Saving Private Ryan (1998)

Sorry it’s been a bit since the last update, but I’ve been busy so I haven’t sat down and watched many movies. Tonight there will be more than one update though, so there’s that!

Saving Private Ryan (1998)
 Dir. Steven Spielberg
 Writ. Robert Rodat
 Stars: Tom Hanks, Matt Damon, Jeremy Davies
 Rated R
 169 mins.
 War, Action, Drama
 IMDB Rating: 8.6

 “I guess I’ve changed some. Sometimes I wonder if I’ve changed so much my wife is even going to recognize me, whenever it is that I get back to her. And how I’ll ever be able to tell her about days like today.”

What to say about Saving Private Ryan? It’s a classic. Really if you love war movies the way I do, you can’t find one better than Saving Private Ryan. It is one of the great films of Tom Hanks’s long and wonderful acting career, and it is a Spielberg masterpiece. Such a high level film couldn’t have been bad, but very few ever suspected it would be as good as it is.

I’m one of those people who thinks the 90s were probably the last great decade of movies. I feel like the history of movies as a entertainment art form have had a few waves. Obviously the Golden Age of Cinema from the 30s to the 50s had some showstoppers, but then there was a spell in the 60s, 70s, and early 80s where there were a few great movies and a lot of ‘whatever’ films. But then from about the mid-80s to about 2001 some of the best movies ever made were churned out and it was wonderful. Some of the greatest actors of the modern era came into popularity in the late 80s and early 90s. There were some of the best stories in movie history told in this era as well.

Saving Private Ryan is one of those incredible stories.

The film follows Captain Tom Hanks (I’m sorry, I’m terrible at remembering character names in war films. I’ll look them up and edit this later) as he helps storm the beaches of Normandy and then is immediately reassigned to find a single soldier in the entire European theater. Along the way we see some incredibly horrible things, and I really think that’s what makes this movie so good. It doesn’t pull the punches, it doesn’t romanticize war, and it doesn’t focus so much on the characters that it detracts from the reality of this being World War II that they’re in. We see the ugliness of what war does to the main characters. We see the horror of what happened to the regular people trapped in the middle of this war. It shows so much realism to the point that you are left wanting it to just stop at some points.

One thing that always interests me the most is that, while the movie focuses on Captain Tom Hanks, much of the movie seems to be from the point of view of Corporal Upham (I remember that name, yay!). If you pay attention, you notice that from the moment he’s introduce, a lot more of the film focuses on his observations of the other soldiers and experiences he’s facing than it does Captain Tom Hanks. I really like this, because he is the outsider. He’s the character who isn’t meant to be there. Medic Dude is a trained army medic, Sniper Dude is a sniper with no guilt over his job, *insert title here* Horvath is the seasoned soldier who at some points quite literally stands up and starts complaining when bullets are flying around him. The other various soldiers whose names I don’t remember are all at least combat trained privates. But Corporal Upham was a translator and a typist. He mentions at one point that he hasn’t held a gun since basic and he just happens to be the unlucky kid who gets assigned to this rescue mission. Because of this, he gives us a sort of outsiders POV of what’s going on, and it’s a bit easier to relate to him than it would be to relate to Captain Tom Hanks.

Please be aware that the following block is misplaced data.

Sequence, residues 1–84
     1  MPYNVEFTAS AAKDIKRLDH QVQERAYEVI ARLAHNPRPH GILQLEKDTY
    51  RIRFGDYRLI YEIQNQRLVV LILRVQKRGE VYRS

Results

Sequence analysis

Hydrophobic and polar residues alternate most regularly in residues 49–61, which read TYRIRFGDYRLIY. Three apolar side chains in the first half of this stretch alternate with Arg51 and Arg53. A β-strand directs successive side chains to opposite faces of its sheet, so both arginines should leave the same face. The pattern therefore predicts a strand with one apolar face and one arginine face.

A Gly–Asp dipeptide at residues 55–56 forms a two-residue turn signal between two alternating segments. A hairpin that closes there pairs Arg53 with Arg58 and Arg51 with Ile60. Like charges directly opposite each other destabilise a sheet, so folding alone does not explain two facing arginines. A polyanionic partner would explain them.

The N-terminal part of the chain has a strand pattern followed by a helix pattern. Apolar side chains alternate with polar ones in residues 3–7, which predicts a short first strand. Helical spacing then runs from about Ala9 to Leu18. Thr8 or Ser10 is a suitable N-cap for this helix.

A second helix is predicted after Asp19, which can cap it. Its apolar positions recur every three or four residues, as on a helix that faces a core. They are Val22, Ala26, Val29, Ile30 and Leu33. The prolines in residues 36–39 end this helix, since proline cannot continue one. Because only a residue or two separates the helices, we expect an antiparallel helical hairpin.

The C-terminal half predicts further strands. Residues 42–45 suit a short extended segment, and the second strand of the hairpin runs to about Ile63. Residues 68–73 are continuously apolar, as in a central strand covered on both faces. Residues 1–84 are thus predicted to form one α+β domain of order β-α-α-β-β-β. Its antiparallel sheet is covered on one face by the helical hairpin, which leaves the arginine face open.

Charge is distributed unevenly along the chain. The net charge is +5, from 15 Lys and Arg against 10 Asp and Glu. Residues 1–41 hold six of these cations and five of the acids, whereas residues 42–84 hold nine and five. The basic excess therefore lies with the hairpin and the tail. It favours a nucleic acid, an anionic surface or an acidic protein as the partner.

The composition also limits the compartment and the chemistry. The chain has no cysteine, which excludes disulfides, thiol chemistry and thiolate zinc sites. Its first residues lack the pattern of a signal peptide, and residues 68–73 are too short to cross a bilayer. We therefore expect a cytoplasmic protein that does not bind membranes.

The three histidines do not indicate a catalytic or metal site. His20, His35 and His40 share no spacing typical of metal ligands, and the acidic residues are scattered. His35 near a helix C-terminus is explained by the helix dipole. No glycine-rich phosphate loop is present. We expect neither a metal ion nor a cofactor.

Also, one thing you’ll learn about me is that I’m a much bigger fan of pyrotechnics and exploding dummies than I am of CGI, so Saving Private Ryan is one of my favorites are far as special effects. There’s something about fake blood spurting out of a noticeably ‘too stiff’ body than CGI, no matter how much BIGGER you can go with CGI. Saving Private Ryan has some of the best special effects ever. One popular anecdote is how the bodies with bits blown off in the opening sequence at the beach is actual amputees done up with special effects makeup to make it more realistic. There is a lot of artistic intricacies in this movie as well! There are camera movements that are used to make the movie more ‘harsh’, and there’s a reduced saturation to mute the colors as well that’s very interesting. One of my favorite bits of the movie artistically is this transition where it shows the soldiers walking in a field and then it has an extreme close up of some leaves and it starts raining. And the sound of the raindrops on the leaves morphs into distant gunfire. If you ever pay attention, the sounds of raindrops on flat surfaces like a leaf or a tarp does sound like the distant ‘tap’ of gunfire, so that transition is just SO beautiful. I love that.

But beyond the horrors of war, beyond the amazing acting of the main soldiers, beyond the special effects, the basic story is what makes this movie so, so special. Private James Francis Ryan makes this movie special. The basic idea alone is enough to make a person cry. This movie makes me cry three or four times every time, and starting it is the main idea: four brothers sent off to war, only one survives. The idea of a family losing three children is heartbreaking enough. The fact that someone made the decision to find the fourth and get him home safe is even more emotional. The way the soldiers on the mission to rescue him absolutely hate him for their losses along the way makes you almost start to forget how much you want him to make it home safe, but after all of that, the beautiful scene at the end makes the viewer remember that it was worth it.

My Rating: 8/10

About J. Chelsea Williford

Movie addict, reader, writer, pop culture lover.
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